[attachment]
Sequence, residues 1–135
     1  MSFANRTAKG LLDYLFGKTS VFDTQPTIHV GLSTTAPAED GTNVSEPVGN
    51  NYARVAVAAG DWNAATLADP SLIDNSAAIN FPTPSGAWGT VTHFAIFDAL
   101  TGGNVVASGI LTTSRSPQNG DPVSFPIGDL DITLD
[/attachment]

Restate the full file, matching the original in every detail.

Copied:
Sequence, residues 1–135
     1  MSFANRTAKG LLDYLFGKTS VFDTQPTIHV GLSTTAPAED GTNVSEPVGN
    51  NYARVAVAAG DWNAATLADP SLIDNSAAIN FPTPSGAWGT VTHFAIFDAL
   101  TGGNVVASGI LTTSRSPQNG DPVSFPIGDL DITLD